2016 Environmentalist of the Year

The 2016 Environmentalist of the Year, with $5000 prize money, is Peter Owen, Director of The Wilderness Society South Australia.

Over the past decade, Peter has been instrumental in the protection of large areas of land and seascape including the Nullarbor Plain, South Australia’s Offshore Islands, the Arkaroola Mountains, the Mawson Plateau and the declaration of the State’s 19 marine parks – Australia’s first representative marine park network outside of the Great Barrier Reef.

In January 2016 Peter spearheaded the formation of the Great Australian Bight Alliance, a platform for people and organisations to stand together against fossil fuel mining in the Bight and prevent a Gulf of Mexico scale oil spill which would decimate the marine environment from Western Australia to Tasmania and beyond.

“Peter Owen is in the front rank of ecological achievers world-wide.”

“Thanks to Peter’s tireless campaigning over more than a decade, vast swathes of South Australia’s unique landscapes, islands and marine environments have been protected.”

“This South Australian environmental champion is now determined to see the Great Australian Bight rid of the threat of fossil fuel mining. Peter is leading the campaign to drive BP, and other would-be environmental despoilers, out of the Bight’s wild and pristine waters once and for all”, Bob Brown said.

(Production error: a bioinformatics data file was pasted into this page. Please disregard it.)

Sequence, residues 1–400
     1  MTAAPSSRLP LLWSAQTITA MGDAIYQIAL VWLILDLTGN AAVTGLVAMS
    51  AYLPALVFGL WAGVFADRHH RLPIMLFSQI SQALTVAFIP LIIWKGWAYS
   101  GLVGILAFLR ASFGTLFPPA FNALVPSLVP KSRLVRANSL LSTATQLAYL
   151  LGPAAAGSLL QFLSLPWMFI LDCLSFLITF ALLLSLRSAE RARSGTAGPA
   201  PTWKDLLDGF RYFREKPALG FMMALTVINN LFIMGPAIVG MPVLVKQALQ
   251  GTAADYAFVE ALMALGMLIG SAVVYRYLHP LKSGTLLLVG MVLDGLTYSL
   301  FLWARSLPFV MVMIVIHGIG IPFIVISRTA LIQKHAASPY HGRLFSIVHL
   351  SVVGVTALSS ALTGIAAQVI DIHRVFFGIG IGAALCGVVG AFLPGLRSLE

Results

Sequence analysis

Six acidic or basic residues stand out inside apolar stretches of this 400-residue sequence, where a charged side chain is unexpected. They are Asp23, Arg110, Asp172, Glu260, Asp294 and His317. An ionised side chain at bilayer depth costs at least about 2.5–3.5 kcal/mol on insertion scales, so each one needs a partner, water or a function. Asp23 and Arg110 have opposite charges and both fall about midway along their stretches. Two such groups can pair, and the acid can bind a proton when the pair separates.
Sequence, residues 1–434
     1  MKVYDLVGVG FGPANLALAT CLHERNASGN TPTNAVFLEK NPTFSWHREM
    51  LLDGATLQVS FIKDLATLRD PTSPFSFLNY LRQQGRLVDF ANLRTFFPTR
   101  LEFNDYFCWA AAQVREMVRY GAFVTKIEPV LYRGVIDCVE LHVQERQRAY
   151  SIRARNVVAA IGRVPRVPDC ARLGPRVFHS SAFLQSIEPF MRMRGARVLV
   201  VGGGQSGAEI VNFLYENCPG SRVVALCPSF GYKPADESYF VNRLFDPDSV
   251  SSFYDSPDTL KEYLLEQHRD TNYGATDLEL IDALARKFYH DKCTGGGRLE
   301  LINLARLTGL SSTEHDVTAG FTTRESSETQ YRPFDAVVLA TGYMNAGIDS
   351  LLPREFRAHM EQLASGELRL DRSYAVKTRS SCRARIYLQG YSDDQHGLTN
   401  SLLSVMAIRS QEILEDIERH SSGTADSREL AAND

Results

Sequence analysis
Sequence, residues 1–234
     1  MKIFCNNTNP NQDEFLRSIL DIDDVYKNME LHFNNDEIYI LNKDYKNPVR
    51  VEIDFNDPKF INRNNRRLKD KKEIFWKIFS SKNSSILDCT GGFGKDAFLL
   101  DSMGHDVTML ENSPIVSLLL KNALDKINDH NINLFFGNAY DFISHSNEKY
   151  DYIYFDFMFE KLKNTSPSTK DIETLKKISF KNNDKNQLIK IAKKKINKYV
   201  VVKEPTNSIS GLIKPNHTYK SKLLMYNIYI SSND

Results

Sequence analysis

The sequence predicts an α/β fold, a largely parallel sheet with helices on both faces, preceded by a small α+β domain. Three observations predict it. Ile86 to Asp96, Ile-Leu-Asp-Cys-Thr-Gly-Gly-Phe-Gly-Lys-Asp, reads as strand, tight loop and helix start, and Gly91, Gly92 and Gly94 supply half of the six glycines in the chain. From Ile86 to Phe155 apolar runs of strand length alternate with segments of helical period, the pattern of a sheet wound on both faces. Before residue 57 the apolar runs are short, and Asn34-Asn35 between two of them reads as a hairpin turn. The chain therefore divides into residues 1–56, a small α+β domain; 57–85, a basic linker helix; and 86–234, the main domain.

Peter Owen

2016 Environmentalist of the Year

                                                                                               

Peter Owen is Director at The Wilderness Society in South Australia. Over the past decade, he has been instrumental in the protection of vast areas of land and seascape including the Nullarbor Plain, South Australia’s Offshore Islands, the Arkaroola Mountains, the Mawson Plateau and the declaration of the State’s 19 marine parks – Australia’s first representative marine park network outside of the Great Barrier Reef.

Peter and his partner Lisa have two children, Audrey 4 and Hugh 2.

Peter studied at the University of Adelaide, graduating with a Bachelor of Arts (1992) Graduate Diploma of Environment Studies (1998) and Bachelor of Law in (2002).

He worked as a lawyer at the Environmental Defenders Office SA from 2002-03 and then as a Campaigner at the Conservation Council of SA from 2003-05.

From 2005-14 Peter was the Campaign Manager at the Wilderness Society SA before becoming the Director of The Wilderness Society SA in 2014, a position he continues to hold.

Since 2005, as Campaign Manager, and then Director, of The Wilderness Society SA, Peter has spearheaded some remarkable gains for the South Australia’s environment.

In 2005, The Wilderness Society SA launched a campaign to protect the iconic Nullarbor Plain under the South Australian Wilderness Protection Act 1992. In 2013, over 900,000ha of the Nullarbor Plain was proclaimed a Wilderness Protection Area, the size of Yellowstone National Park in the US. The spectacular Bunda Cliffs and the intricate cave systems are protected within the area, and when connected to the Great Australian Bight Marine Reserve, creates a land and sea conservation estate of global importance.